Strange Fruit

Arts & Culture Podcasts

Jaison Gardner and Dr. Kaila Story talk race, gender, and LGBTQ issues, from politics to pop culture. A new episode every week, from Louisville Public Media.


Louisville, Kentucky


Jaison Gardner and Dr. Kaila Story talk race, gender, and LGBTQ issues, from politics to pop culture. A new episode every week, from Louisville Public Media.






The 'Jim Crow Mentality' Of Social Media Trolls

Between growing public interest in the racial justice movement, a polarizing political landscape and folks trapped indoors for nearly nine months now, online activism is at an all time high. Accordingly, white supremacists who spew vitriolic and violent language and ideas also abound across social media platforms. This week Ron Dawson joins us to discuss his recent essay, "There’s a Jim Crow Mentality on Social Media,” which outlines his experiences combating racist trolls and threats of...


Why Body Positivity Must Include Black Bodies

The body positivity movement has been extremely important in combatting our country's fatphobia and teaching us all to love our bodies just as they are. Kelsey Miller, founder of "The Anti-Diet Project," is this week's guest and joins us to explain “How Whiteness Killed the Body Positive Movement.” Miller shares her learning journey about white privilege and intersectionality and she says the body positivity movement must heed the work and labor of Black fat positive activists in order to...


Using Light-Skin Privilege To Disrupt An Unjust System

This week writer Leigh Green discusses her compelling op-ed, "White Supremacy in Me: Light-skinned and part of the problem," where she acknowledges the privileges associated with her skin tone, and challenges other light skin folk to begin the work of using their proximity to whiteness to disrupt an unjust system and spark a revolution. Later, we speak with Peter Mercurio and Danny Stewart, who adopted their son after finding him abandoned in a New York City subway. They join us to tell...


Strength, Survival, And Black Families

Nefertiti Austin was adopted by her grandparents when she was a kid because her parents struggled with addiction. She joins us this week, as a single parent of two adopted children, to discuss her book, "Motherhood So White: A Memoir of Race, Gender, and Parenting." And we talk about her New York Times piece, "Grandparents, Kin and Play Cousins: The Soul and Survival of Black Families," which explores how African American families' use of fictive kinship ties and multigenerational structures...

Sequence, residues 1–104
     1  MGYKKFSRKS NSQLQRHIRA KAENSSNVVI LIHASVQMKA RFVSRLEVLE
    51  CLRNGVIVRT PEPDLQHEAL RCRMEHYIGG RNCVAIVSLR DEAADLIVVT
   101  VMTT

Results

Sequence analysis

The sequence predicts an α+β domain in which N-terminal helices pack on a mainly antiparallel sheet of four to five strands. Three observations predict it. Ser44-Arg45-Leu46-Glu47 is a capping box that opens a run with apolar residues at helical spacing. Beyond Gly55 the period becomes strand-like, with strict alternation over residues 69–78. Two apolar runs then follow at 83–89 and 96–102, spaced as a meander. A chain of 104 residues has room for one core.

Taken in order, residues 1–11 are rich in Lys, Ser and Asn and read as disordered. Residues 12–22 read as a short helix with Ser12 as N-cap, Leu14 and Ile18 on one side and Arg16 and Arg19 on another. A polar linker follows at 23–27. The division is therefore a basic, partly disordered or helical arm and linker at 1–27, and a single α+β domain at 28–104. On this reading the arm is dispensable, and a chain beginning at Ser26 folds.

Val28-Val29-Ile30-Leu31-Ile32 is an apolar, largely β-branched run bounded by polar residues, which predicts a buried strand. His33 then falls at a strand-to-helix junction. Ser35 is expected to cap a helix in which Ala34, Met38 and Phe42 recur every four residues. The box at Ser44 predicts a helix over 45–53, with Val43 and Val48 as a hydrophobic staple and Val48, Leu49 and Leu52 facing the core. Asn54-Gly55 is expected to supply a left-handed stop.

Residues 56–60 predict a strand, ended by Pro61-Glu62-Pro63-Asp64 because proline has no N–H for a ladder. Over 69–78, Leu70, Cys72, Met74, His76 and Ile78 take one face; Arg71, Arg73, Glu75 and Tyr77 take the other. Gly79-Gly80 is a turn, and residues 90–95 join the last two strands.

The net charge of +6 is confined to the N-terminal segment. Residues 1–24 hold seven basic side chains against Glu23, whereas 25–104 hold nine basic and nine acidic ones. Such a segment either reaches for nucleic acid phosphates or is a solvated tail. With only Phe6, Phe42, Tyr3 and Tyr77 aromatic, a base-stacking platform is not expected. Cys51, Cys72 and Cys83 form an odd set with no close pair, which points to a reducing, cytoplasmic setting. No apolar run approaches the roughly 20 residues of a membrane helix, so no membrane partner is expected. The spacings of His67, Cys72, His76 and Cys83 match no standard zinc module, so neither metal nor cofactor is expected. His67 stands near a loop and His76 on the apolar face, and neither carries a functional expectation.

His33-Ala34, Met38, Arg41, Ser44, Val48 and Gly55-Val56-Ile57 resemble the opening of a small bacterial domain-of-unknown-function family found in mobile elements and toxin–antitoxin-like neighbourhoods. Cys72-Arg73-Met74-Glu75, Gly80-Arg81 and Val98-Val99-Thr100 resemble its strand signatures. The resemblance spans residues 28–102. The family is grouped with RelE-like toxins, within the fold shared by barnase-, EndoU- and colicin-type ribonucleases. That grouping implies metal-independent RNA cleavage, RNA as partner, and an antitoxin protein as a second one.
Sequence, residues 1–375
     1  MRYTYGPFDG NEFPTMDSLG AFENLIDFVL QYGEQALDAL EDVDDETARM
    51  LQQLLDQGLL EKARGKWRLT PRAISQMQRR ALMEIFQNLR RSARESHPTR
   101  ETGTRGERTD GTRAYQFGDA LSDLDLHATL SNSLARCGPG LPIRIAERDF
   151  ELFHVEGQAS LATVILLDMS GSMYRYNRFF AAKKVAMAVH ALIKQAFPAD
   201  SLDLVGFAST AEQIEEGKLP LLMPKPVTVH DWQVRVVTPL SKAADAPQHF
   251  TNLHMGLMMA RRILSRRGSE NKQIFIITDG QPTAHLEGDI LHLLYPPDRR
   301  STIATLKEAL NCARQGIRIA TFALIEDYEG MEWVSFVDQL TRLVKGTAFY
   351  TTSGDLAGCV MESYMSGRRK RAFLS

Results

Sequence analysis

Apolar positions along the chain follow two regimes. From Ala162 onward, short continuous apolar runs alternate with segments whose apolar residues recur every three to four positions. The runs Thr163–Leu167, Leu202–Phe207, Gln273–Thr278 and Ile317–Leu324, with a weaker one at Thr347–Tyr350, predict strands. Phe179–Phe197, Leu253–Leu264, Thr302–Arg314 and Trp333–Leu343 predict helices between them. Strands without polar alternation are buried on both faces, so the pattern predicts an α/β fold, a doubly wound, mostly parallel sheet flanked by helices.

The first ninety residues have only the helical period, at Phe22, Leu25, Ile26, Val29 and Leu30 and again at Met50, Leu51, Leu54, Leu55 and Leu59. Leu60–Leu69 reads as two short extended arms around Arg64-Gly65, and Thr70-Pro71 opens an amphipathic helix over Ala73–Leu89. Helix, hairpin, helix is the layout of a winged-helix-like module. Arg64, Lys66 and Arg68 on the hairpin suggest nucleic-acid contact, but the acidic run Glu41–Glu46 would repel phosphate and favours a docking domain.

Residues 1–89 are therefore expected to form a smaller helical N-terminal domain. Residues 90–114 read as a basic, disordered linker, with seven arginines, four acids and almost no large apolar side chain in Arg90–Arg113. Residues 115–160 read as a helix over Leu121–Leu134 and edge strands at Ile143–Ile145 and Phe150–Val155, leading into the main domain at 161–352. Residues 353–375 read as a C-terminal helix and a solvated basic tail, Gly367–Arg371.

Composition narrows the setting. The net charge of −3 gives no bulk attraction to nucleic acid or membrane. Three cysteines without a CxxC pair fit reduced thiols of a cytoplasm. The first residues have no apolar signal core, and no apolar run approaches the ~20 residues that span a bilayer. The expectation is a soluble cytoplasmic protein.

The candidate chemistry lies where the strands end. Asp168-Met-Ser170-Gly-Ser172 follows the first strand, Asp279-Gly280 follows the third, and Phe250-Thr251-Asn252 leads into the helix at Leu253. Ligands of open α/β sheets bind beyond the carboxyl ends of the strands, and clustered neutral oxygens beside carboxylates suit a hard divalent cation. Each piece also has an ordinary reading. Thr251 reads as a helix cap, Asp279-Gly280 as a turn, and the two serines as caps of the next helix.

What White Parents Should Know About Transracial Adoption

Abby Johnson, the anti-abortion activist who recently spoke at the Republican National Convention, found herself at the center of controversy after a video of her went viral. In it, she said her adopted Black son was "statistically" more likely to grow up to be a criminal than her white sons who would likely grow up to be innocent nerds -- and thus police would be right to racially profile and stop him. Her racist comments sparked conversations about transracial adoptions (adoptions where...


'Kitchen Table Wisdom' For And From Gay Men

Navigating life as gay man in a homophobic and heteronormative society can be emotionally and spiritually taxing. This week author Britt East joins us to discuss his insightful new book, "A Gay Man’s Guide to Life," full of what he calls “kitchen table wisdom” to help gay men endure and thrive in an anti-queer world, by loving themselves more and by loving others as well. Later in the show, speculative fiction author and publisher Olivia Raymond joins us to discuss the creation of her Black...


Interracial Household Dynamics In 2020

As a historian of environmental justice and African American history, writer Faith Ashmore –- who is a white woman in an interracial marriage -– says she possesses the academic and intellectual knowledge to contribute to conversations about recent police killings with her Black husband but not the emotional knowledge. This week we discuss "What An Interracial Household Looks Like After George Floyd’s Murder.” Later, we speak to writer Allison Gaines about recent commemorations of the 19th...


Young Adult Fiction Author Arvin Ahmadi

Young Adult (YA) fiction is a literary tradition that has largely lacked diversity when it comes to the race and sexuality of its main characters. Author Arvin Ahmadi's new book, "How It All Blew Up," has a queer Iranian American teenager protagonist. He joins us this week to talk about how other authors of YA novels can be more inclusive of diverse communities and identities.


'The Chi' Star Jasmine Davis

Lena Waithe’s dramatic television series "The Chi" has garnered a strong following and has received critical praise since premiering on the Showtime network three years ago. Its season finale aired last week. This week we have a lively and insightful conversation with actress and model Jasmine Davis, who joined the cast of The Chi this season, to discuss her character Imani who is a multi-layered Black trans woman that is tender, loving and all kinds of fierce.